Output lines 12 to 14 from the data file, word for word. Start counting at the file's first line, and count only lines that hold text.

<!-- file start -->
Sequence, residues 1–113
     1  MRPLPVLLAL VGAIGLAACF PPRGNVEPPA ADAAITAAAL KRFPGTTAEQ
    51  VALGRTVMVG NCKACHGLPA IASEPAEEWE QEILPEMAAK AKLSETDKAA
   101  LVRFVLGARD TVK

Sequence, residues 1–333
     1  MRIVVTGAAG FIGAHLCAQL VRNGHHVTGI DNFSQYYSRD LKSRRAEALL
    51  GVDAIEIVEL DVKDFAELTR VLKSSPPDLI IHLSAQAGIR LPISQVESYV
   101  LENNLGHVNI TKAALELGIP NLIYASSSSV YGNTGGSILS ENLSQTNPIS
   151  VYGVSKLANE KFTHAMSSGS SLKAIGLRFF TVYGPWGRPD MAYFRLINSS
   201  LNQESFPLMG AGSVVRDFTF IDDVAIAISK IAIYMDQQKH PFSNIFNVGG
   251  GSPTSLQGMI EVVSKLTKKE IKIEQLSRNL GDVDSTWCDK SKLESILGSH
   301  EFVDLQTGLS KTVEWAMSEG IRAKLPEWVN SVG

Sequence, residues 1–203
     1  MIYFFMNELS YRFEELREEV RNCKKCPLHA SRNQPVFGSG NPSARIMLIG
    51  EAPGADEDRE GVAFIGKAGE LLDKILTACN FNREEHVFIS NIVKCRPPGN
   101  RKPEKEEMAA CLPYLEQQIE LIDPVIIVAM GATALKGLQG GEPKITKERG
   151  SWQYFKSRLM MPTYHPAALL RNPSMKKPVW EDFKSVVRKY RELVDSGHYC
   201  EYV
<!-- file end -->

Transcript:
   301  EFVDLQTGLS KTVEWAMSEG IRAKLPEWVN SVG

Sequence, residues 1–203
     1  MIYFFMNELS YRFEELREEV RNCKKCPLHA SRNQPVFGSG NPSARIMLIG